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Senegal

Handicap International works to support children with disabilities in Senegal. In the Casamance region, it uses his expertise to take action against anti-personnel landmines. 

Inclusive education, Senegal - Handicap International

© J-J. Bernard / Handicap International

Our actions

Handicap International is currently working on a range of projects to support children with disabilities in the regions of Dakar and Casamance:

The organisation works on the prevention, detection and management of impairments relating to maternal, neonatal and infant health issues. It takes action to ensure that children with disabilities can attend school and take part in sports activities like all other children. It also fights sexual violence against children. In parallel, the organisation runs a professional inclusion project for adults with disabilities..

The other key aspect of Handicap International’s programme in Senegal is its work to protection the population in the Casamance from the anti-personnel and anti-tank landmines which threaten their lives and hinder development in the region. This tireless fight against these anti-personnel mines began in 1999, with a vast campaign to educate the population about the risks. The organisation then built an orthopaedic fitting and rehabilitation centre at the regional hospital in Ziguinchor, to help the victims of these weapons. After carrying out its first mine clearance programme in the country from 2007 to 2012, Handicap International is implementing mine risk education and demining projects as part of a new one-year programme which started in September 2015.

Areas of intervention

Latest stories

African States against the use of explosive weapons in populated areas
© HI
Explosive weapons

African States against the use of explosive weapons in populated areas

From 27th to 28th November, Handicap International (HI) is organising a regional conference on the bombing of civilians. The Conference will take place in Maputo, Mozambique and aims to bring together some 20 States, 10 African civil society organisations and international NGOs. The goal is to raise awareness of this vital challenge among African countries and to encourage them to take action on the world stage to protect civilians from the devastating impact of the use of explosive weapons in populated areas.

“I’m very happy in my job. My disability doesn’t affect my work at all.”
© E. Fitte-Duval / Handicap International
Inclusion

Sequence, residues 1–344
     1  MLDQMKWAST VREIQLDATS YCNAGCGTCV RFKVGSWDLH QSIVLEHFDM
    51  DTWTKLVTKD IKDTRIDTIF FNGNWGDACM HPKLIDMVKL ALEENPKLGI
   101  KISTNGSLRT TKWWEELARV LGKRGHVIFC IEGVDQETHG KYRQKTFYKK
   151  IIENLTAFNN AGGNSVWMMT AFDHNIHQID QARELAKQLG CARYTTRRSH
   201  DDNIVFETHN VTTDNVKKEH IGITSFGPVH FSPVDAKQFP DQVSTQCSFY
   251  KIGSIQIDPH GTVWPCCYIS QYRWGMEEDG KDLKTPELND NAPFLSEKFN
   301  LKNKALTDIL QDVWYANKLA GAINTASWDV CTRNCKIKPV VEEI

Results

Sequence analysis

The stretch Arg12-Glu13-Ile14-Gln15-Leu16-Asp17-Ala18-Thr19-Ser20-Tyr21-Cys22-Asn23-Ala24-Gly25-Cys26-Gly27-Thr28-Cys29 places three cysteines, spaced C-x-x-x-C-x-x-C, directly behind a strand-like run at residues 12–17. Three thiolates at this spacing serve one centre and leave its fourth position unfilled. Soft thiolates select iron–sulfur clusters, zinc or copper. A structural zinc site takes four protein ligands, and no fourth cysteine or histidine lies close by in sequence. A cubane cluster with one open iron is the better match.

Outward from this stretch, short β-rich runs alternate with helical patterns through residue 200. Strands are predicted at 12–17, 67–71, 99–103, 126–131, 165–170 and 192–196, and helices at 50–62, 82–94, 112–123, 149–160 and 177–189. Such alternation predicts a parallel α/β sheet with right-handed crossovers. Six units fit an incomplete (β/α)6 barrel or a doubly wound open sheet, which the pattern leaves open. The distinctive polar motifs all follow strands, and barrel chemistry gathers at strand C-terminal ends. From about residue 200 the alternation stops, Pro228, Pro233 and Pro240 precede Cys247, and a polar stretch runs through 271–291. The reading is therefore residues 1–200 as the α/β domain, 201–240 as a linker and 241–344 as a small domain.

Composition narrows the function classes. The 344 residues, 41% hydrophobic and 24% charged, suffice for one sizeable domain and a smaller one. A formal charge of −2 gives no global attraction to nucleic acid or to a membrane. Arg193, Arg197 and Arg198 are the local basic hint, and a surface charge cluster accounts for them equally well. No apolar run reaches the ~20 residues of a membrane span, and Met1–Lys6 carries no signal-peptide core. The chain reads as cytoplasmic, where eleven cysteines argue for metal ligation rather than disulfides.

“I’m very happy in my job. My disability doesn’t affect my work at all.”

Boubacar, 33, works as a legal adviser at Senegal's Ministry for African Integration, NEPAD* and Good Governance. Handicap International provided him with occupational support to overcome obstacles arising from his disability. The organisation highlighted his skills and made the Ministry for Public Services aware of the need to include people with disabilities on its teams.

Senegal: Quality jobs for all
© E. Fitte-Duval / Handicap International
Inclusion

Senegal: Quality jobs for all

Handicap International helps people with disabilities find work in the Dakar region of Senegal. Through personalised support, training and advocacy work with businesses, the organisation helps them successfully enter the world of work.

Background

Senegal is a key economic power in West Africa but its wealth is very unevenly distributed. A total of 45.1% of the country's population lives in extreme poverty and people with disabilities represent a large proportion of this group. Furthermore, in the south of the country, in Casamance, the population still lives with the threat of anti-personnel landmines. 

The legislative framework on disability in Senegal has changed for the better since 2010, when the country ratified the International Convention on the Rights of Persons with Disabilities.[1] However, transposing the laws subsequently adopted into tangible political actions has been fraught with difficulties. People with disabilities in Senegal face obstacles every day as they try to access health, education and employment services. Victims of discrimination, they continue to fight to have their fundamental rights upheld. Handicap International has been working alongside them since 1995.

The country has also been very heavily impacted by the conflict opposing the Senegalese army to the autonomist movement of Casamance. The conflict, which has lasted for over 30 years, is hindering the country’s development. The proliferation of anti-personnel and anti-tank landmines has made much of the agricultural land in this region inaccessible. A total of 832 mine victims have been recorded since Senegal ratified the Ottawa Mine Ban Treaty ratified in 1988.[2] Of these, 635 survived their injuries and require healthcare, orthopaedic fitting and medical, social and economic support. Most of them are destitute.

 


[1]The purpose of the convention is to promote, protect and ensure the full and equal enjoyment of all human rights and fundamental freedoms by all persons with disabilities. It also aims to promote their inherent dignity.

[2]Recorded victims from 1988 to end of 2013. Source: Landmine and Cluster Munition Monitor, September 2014.

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